Have you fallen into Netflix’s new series on The Home Edit like I have? I didn’t mean to completely binge the show, but I’m not upset I did. I did the same thing when Marie Kondo’s show came out last year, and I’m guess that if you’ve ended up on this post you did too.
All three of these women are interesting to watch for many reasons, but I think one reason for their success is how inspiring it is to see someone else with a mess like you. Even if you’re saying “thank goodness I’m not as bad as those people,” watching Clea, Joanna, or Marie, invigorates a desire in all of us to be feel like we have our sh** together.
Both The Home Edit and Marie Kondo recognize that while getting rid of things is only the beginning of the battle, it’s a huge part. More stuff is more stuff to organize, keep tidy, and take up space.
There are a few other steps to being the perfect blend of Clea, Joanna, and Marie – namely folding techniques and color coding – but today I’m just going to go through a few of my top tips for editing like The Home Edit and Marie Kondo.
Tip #1: Keep a “Come Back Later” Pile and List
I have a box with a lid in my closet that I call my “come back later” box. Any time I find something around my closet, house, or drawers that I decide I don’t want, I put it in my box. At the end of about a month or so, I compile everything into a bag and take to donate.
The key here is that if you actually want something back or find a need for it, you still have it for a little while longer.
I recommend a lid, though, so that you can’t see what’s inside and cheat!
Conversely, keep a list of items you want to purchase. Give yourself a month (unless it’s an item that you actually have a time limit on) to think and then see if you actually need the items you’ve put on your list. This helps avoid impulse purchases on the back end, reducing the things you’d need to edit back out of your life.
For example, do you reach into your closet each day thinking about how this item and that item and these shoes would go perfectly with a black leather jacket? Do you keep thinking about that purse a month after you saw it in a storefront?
I’ll do this too with groceries! If I’m at the store and find an item that’s not on my list, I add it to my “Next Time” grocery list (want to see how I organize my grocery list? Leave a comment below) so that I’m not impulse purchasing things that I don’t know how to make or don’t cohesively make meals.
Tip #2: Be Realistic, Not Idealistic
I can easily fall into thinking as “Idealized Allison,” if I’m not being true to myself. Do you keep items in your closet that A) don’t fit and/or B) you don’t have the occasion to wear? Or do you have a bike and helmet that you keep staring at and saying, “one day…”? Maybe you’re like me. I want to be the person who rides my bike, I really do. However, Texas is too hot 80% of the year and my butt always hurts when I ride my bike.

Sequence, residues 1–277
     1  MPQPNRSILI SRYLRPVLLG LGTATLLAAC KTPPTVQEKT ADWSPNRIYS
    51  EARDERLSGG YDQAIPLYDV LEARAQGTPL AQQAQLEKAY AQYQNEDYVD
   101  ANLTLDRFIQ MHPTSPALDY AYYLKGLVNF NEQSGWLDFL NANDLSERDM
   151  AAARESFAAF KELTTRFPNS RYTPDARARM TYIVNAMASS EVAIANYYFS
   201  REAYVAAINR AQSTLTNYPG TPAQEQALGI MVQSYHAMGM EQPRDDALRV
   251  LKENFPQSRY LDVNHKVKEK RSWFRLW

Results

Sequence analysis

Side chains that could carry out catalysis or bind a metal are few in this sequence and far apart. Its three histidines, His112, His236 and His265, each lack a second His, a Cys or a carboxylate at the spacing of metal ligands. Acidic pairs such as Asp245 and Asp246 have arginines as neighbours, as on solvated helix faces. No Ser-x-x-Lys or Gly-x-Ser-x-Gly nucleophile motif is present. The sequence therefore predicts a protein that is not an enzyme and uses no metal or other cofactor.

Idea: Throw a “wear what you never have the occasion to wear” party where people are supposed to wear that random Halloween costume, prom dress, etc.
You don’t have to be completely ruthless, but you also don’t want to keep more than you actually need. Be realistic about what you wear/use.
Tip: Turn all of your hangers backwards. When you wear something, hang it back up on the hanger with it facing normally. At the end of a month, donate everything that wasn’t used (keeping seasonality and occasion in mind, of course).
This isn’t just limited to clothes. Are there plates you have but you absolutely hate to clean but make you look like a person who uses fancy plates? Books you’re never going to read but want to keep on your bookshelf to look well-read? You can get rid of them – I’ll keep them our little secret.
Tip #3: Take Pictures of Everything Instead of Keeping Everything
I have a folder in my Google Photos called “Important Momentos” where I store pictures of all of my vaguely sentimental items.
This isn’t for important documents I need to keep or my most prized memorabilia, this is for that random Christmas card you sent me three years ago and encouraging notes my roommates left me after hard days. Of course these are treasured items, but the value is in their memory – not their physical presence.
I like being able to have them all in one space so I know that they’re easily accessible, but also easily shareable.
Tip #4: Figure Out (Now) Where You’re Donating
While this seems like something both easy and low in priority, I’ve found that if you don’t know where you’re planning on taking things you’re more likely to procrastinate and hoard items you want to get rid of.
Do some research on local organizations, what they take, and their availability. When you know it’s going to a cause you really back, it’s also easier to commit to donating something you know will have a better home elsewhere.
You don’t have to buy fancy “product” or fold things a certain way to be organized! You don’t need to follow a specific order or decluttering! Be proud of yourself for any positive change!
Think I missed anything (I’m sure I did!)? Leave any of your tips in the comments below!
Side note: if you’re looking for more The Home Edit content, they did a series on YouTube last year (see below).
This post is not sponsored. All opinions are my own. Want to see more organization tips? Check them out here.